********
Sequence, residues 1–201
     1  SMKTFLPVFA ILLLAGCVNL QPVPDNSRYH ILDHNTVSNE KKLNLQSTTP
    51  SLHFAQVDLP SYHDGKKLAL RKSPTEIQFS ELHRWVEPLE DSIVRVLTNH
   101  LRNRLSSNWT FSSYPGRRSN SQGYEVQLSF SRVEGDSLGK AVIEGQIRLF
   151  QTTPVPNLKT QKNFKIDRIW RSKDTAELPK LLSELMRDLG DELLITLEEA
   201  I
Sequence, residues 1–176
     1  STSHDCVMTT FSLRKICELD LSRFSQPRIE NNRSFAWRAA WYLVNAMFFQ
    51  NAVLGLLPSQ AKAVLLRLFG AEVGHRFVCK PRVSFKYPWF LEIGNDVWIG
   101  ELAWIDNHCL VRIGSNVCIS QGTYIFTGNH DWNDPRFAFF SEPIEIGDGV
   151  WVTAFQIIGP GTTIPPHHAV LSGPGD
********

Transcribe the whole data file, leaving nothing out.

Sequence, residues 1–201
     1  SMKTFLPVFA ILLLAGCVNL QPVPDNSRYH ILDHNTVSNE KKLNLQSTTP
    51  SLHFAQVDLP SYHDGKKLAL RKSPTEIQFS ELHRWVEPLE DSIVRVLTNH
   101  LRNRLSSNWT FSSYPGRRSN SQGYEVQLSF SRVEGDSLGK AVIEGQIRLF
   151  QTTPVPNLKT QKNFKIDRIW RSKDTAELPK LLSELMRDLG DELLITLEEA
   201  I
Sequence, residues 1–176
     1  STSHDCVMTT FSLRKICELD LSRFSQPRIE NNRSFAWRAA WYLVNAMFFQ
    51  NAVLGLLPSQ AKAVLLRLFG AEVGHRFVCK PRVSFKYPWF LEIGNDVWIG
   101  ELAWIDNHCL VRIGSNVCIS QGTYIFTGNH DWNDPRFAFF SEPIEIGDGV
   151  WVTAFQIIGP GTTIPPHHAV LSGPGD